Shaun Dion Hamilton 10 13%
Tanner Vallejo ST Only 0%
Josh Harvey-Clemons Inactive N/A

Jon Bostic- Bostic patrolled the middle of the Washington defense for all 78 of the snaps. The journeyman inside backer recorded 5 solo and 7 total tackles. Only one of them was made within five yards of the line of scrimmage; however, on the other hand, three of them were recorded before the line to gain on third down.

The most impressive thing Bostic did on Sunday was to register a pair of hurries, despite only rushing the passer six times in the game. This gave him his highest-pressure total since Week 9 of last season (Pittsburgh at Baltimore). This was just the seventh multi-pressure showing of his 75-game career.

Brady threw in his direction five times and completed three of those passes for 16 yards and one first down. Unfortunately for Bostic and the Redskins, the first down in question was a 6-yard touchdown to Julian Edelman.

Cole Holcomb- After dipping between Weeks 2 and 3, Cole Holcomb’s snap total and snap rate increased for the second consecutive game (30/48% > 42/55% > 61/78%). Holcomb rewarded the Redskins for the increased PT by putting up some plus-numbers this week.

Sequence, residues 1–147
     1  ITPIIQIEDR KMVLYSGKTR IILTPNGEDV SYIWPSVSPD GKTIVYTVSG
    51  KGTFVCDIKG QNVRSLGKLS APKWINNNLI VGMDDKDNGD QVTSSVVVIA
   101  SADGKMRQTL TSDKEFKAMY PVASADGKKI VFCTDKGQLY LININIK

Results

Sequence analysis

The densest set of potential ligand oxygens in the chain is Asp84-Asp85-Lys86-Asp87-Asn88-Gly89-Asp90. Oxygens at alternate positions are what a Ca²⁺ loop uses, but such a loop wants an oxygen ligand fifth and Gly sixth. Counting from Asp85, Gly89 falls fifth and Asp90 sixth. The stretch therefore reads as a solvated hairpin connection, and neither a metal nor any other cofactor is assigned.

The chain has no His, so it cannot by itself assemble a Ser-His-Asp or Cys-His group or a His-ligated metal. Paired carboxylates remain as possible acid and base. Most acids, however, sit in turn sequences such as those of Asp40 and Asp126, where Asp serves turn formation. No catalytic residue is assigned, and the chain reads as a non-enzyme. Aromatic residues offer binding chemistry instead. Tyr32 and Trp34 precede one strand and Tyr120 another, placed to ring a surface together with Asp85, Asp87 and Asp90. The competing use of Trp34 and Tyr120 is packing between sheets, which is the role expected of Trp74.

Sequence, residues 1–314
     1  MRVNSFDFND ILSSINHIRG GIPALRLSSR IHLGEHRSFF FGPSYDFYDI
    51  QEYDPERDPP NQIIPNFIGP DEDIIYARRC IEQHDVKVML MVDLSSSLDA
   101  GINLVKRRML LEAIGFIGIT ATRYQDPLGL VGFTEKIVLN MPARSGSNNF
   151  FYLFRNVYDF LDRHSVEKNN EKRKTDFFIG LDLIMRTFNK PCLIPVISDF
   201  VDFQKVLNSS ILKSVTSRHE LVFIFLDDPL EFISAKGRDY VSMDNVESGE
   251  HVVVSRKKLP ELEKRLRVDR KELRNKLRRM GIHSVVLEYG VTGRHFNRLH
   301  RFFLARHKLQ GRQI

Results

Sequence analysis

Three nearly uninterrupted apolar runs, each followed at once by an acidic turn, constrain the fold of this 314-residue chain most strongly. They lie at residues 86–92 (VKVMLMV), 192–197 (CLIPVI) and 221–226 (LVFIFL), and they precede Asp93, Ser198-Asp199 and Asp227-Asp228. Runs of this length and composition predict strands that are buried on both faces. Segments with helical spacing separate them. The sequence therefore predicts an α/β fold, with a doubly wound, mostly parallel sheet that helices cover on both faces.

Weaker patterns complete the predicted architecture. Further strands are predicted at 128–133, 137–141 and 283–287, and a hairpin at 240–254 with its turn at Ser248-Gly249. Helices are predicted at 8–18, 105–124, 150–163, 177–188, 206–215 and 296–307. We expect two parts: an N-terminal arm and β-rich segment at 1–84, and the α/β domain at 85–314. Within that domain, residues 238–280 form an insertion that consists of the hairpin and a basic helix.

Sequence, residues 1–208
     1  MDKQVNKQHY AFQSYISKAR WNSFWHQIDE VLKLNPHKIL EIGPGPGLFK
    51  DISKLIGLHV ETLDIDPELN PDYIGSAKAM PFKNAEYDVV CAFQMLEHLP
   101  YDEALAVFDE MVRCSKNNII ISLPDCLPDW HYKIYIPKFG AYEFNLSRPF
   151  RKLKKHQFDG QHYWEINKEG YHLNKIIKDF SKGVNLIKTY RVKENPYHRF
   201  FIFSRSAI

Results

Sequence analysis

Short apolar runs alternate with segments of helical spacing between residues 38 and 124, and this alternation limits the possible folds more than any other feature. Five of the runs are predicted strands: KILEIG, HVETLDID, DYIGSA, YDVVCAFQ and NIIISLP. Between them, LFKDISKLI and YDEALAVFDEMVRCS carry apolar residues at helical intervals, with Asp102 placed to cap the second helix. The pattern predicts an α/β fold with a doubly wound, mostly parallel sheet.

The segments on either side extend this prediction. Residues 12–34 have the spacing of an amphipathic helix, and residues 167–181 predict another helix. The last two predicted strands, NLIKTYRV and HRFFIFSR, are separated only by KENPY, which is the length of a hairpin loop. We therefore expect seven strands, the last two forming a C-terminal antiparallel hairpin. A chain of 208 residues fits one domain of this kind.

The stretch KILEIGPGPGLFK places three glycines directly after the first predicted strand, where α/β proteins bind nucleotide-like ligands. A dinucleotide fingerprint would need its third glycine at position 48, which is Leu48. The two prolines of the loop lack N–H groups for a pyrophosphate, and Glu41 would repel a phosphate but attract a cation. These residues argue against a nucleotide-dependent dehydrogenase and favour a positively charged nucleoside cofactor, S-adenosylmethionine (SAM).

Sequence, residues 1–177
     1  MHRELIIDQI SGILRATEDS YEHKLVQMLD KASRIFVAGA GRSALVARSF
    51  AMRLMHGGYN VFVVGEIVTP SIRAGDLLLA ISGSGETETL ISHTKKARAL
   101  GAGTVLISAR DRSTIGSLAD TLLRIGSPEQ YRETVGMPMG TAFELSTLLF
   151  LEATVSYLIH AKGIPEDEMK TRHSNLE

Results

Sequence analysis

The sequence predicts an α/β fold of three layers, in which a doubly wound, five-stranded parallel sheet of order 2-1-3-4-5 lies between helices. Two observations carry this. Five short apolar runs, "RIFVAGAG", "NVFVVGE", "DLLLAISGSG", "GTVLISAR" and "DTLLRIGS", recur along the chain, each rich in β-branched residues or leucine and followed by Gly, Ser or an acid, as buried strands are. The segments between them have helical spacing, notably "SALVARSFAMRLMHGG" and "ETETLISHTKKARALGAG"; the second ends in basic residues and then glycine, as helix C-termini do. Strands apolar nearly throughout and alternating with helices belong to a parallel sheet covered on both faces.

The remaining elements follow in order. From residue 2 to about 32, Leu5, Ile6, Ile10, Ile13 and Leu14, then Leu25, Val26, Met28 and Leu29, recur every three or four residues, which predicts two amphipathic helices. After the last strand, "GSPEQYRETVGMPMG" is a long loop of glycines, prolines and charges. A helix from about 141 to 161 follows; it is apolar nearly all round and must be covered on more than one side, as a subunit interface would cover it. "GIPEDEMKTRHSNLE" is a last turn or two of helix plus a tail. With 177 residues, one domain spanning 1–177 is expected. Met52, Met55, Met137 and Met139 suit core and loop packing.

He posted game and career highs in both solo (8) and total tackles (10). Holcomb led the Skins with 4 defensive stops, as well, with two of those takedowns stopping New England runs for no gain. He did, however, miss a tackle in the running game and has whiffed on at least one attempt in four of his five games this year. The rookie out of UNC leads all first-year players in defensive stops (17) and ranks second in tackles (37) behind only top ten pick Devin Bush (45).

He was thrown at twice in coverage and allowed a reception of 22 yards on one of those throws. The target, reception and yardage totals were his lowest since Week 1. Unfortunately, the catch in question came on the Patriots’ first scoring drive.

Holcomb also flashed some pass-rushing chops, by registering a hurry for the second week in a row and for the third time this season.

Shaun Dion Hamilton- SDH saw his snap total drop from 26 last week (34%) all the way down to 10 against New England (13%). It’s been quite difficult to get a good read on what’s been going on with his playing time all season, as he played at least 20-plus snaps in Weeks 1 and 2 and then only worked on special teams in Week 3.

Hamilton didn’t record any statistics on his 10 snaps this past Sunday. He was targeted once and gave up a 10-yard touchdown pass to Ryan Izzo on the play. To make matters worse, the reception came on third down. It was the first touchdown catch allowed by SDH in his two-year career.

His performance earned him a 27.1 game-low PFF grade, which was the second-worst mark of his career and the fourth-worst among all NFL defenders in Week 5.